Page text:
A Weekly ComputorEdge Column by Douglas E. Welch





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New and old market for computer consultants

by Douglas E. Welch

December 10, 1999

© 1999, Douglas E. Welch

If you are building a business around computer training or consulting, you might have already spotted an interesting trend. One of the fastest growing segments of computer users today are senior citizens. My own experience has shown me that helping these users on their journey into the computer world could prove to be very lucrative for many years into the future.

Time & Money

The influx of seniors using computer technology is due to a number of factors. First, many are retired or semi-retired. This finally gives them the time to investigate computers and all that they can provide. Without the stress of a day job, these new users finally have the time to explore the computer revolution. In many cases they are jumping in with both feet.

Second, due to changes in our society, many seniors live at a distance from their children and grandchildren. The use of email, video conferencing and instant messaging allows them to stay in touch with their families even when they are scattered around the globe. The typical weekly or monthly phone call from GrandMa is quickly being replaced with near daily emails. Photos don't have to be developed and mailed any longer either. They can be viewed on the Internet almost as soon as they are taken. This can help grandparents feel they are having an effect on their grandchildren's lives beyond the yearly birthday or holiday presents.

Third, the cost of computers has fallen dramatically in the last few years. Never before have you been able to buy so much computing power for so few dollars. This gives seniors easy and cheap access to the Internet and therefore, their families. Computers are so cheap, in fact, that they can even be given as gifts from one or more family members. My sister and I recently purchased a new computer for our parents. Not only does it give them better communication with us, but it opens up a whole world outside the small farm town (Pop. 2,000) where I grew up and they still live.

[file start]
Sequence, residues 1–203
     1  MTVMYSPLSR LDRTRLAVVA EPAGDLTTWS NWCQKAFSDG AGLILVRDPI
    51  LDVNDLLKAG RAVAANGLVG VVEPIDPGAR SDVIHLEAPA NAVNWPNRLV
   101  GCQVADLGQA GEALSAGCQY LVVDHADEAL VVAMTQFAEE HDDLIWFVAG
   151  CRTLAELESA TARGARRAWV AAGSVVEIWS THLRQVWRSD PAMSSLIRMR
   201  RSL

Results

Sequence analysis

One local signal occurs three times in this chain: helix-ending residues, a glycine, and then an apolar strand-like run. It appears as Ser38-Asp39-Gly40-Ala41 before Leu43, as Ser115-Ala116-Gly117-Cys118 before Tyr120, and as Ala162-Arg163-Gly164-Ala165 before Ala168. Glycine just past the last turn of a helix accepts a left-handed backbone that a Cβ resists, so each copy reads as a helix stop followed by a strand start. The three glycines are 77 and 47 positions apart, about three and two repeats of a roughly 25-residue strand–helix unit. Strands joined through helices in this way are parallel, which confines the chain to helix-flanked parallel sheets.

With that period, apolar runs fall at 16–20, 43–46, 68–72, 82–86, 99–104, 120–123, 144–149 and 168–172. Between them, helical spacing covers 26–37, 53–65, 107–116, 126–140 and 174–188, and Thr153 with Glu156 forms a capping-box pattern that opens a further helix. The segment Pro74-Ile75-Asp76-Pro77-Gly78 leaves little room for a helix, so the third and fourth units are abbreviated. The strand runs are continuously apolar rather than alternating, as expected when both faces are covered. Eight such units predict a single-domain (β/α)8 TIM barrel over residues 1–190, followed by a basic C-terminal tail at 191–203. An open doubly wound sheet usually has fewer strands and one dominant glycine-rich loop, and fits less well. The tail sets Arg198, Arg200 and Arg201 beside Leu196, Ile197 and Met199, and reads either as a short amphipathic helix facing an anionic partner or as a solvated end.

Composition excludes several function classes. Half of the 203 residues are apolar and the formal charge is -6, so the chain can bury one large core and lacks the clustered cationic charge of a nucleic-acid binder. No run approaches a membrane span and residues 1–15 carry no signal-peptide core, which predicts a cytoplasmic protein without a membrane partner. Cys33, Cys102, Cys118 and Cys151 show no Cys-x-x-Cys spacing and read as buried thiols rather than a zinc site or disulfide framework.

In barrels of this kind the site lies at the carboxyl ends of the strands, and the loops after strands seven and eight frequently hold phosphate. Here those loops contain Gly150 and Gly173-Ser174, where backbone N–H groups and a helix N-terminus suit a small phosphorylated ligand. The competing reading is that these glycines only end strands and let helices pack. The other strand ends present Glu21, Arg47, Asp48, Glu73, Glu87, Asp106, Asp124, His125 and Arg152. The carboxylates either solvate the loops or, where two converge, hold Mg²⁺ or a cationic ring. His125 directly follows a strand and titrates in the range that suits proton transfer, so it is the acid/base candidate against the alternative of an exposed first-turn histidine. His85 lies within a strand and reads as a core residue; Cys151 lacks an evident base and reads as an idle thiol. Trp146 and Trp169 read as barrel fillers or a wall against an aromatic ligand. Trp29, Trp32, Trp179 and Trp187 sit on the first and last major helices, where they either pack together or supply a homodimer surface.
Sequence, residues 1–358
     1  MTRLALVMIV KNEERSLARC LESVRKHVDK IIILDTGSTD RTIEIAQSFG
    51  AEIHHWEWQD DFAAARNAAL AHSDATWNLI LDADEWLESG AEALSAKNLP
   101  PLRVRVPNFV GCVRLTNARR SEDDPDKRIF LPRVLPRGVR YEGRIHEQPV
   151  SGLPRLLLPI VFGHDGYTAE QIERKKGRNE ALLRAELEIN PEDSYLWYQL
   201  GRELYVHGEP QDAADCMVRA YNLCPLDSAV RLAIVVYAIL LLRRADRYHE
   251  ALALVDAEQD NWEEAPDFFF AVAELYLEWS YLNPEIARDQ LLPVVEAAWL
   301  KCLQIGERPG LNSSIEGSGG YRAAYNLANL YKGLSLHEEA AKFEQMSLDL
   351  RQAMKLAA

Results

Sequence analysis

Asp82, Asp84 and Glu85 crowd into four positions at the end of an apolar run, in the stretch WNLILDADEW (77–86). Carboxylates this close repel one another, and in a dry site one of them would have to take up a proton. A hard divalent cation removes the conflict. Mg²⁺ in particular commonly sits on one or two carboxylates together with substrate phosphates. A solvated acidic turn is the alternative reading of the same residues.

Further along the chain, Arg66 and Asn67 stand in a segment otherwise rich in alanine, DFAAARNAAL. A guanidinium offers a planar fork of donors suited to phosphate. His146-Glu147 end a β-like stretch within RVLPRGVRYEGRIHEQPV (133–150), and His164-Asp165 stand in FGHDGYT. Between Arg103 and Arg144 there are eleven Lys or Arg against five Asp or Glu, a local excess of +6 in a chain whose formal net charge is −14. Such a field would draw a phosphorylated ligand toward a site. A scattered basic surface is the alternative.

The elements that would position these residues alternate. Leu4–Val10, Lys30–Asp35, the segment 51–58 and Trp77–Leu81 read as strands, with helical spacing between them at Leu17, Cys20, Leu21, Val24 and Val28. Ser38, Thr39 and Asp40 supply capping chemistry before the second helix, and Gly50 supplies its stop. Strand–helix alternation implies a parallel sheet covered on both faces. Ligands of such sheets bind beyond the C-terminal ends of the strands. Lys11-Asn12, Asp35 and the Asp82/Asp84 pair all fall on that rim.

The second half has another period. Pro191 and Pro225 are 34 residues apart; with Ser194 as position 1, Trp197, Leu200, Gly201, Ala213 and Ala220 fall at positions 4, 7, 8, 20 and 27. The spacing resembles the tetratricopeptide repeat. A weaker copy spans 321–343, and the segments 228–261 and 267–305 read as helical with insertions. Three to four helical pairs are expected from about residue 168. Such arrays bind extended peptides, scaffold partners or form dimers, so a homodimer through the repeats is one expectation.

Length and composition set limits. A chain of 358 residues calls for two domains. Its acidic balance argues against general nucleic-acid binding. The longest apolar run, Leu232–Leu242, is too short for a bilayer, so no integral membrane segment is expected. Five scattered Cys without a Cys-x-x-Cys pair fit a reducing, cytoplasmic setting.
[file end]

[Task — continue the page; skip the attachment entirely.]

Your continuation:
Special Needs

There are several important guidelines to remember when you are working with seniors, though. Although your clients might be computer novices they are also probably experienced and successful businesspeople. I make it a point to never talk down to them. They might not understand a computer concept immediately, but if you allow them to feel silly or stupid they will quickly find another trainer.

One important tool is drawing from their existing experience to develop analogies. This will allow you to use their existing knowledge to explain and illuminate computer features and operations. Engage your client in conversation and learn where their experience lies. It will help both of you have a better time.

Even though your clients might have a state-of-the-art computer system it is important to remember that many of them are on a fixed income. Price your services reasonably and offer price breaks for people willing to make a longer commitment. In my case, if a client pays for 6 hours of training in advance I will take $5/hour off my usual rate. They get their training for a cheaper price and I get money up front to help my cash flow. The client can then use the hours in any combination they wish. I also recently started a series of small group seminars. If they don't mind sharing with a group of people (I limit it to no more than 10/seminar) they can get their questions answered at a fraction of my private training rate.

Don't forget about bartering your time with your clients if they can help you or your company. Recently, I bartered private training with a client who is leading me through the dark forest of incorporating my business. He is a lawyer with many years experience in this area and it will end up saving me many "out-of-pocket" dollars.

If you adapt to these new clients you will find some of the most loyal customers around. I receive some of my most striking praise and support from these clients. They want to see me succeed and I must say, that certainly gives me a boost when business is being troublesome or slow.


If you want to expand your consulting business, reach out to the many senior citizens who are taking their first steps into the computer world. You will find that you are developing long term clients who will return to you again and again.

Douglas E. Welch is a freelance writer and computer consultant in Van Nuys, California. Readers can discuss career issues with other readers by joining the Career Opportunities Discussion on Douglas' web page at:

He can reached via email at

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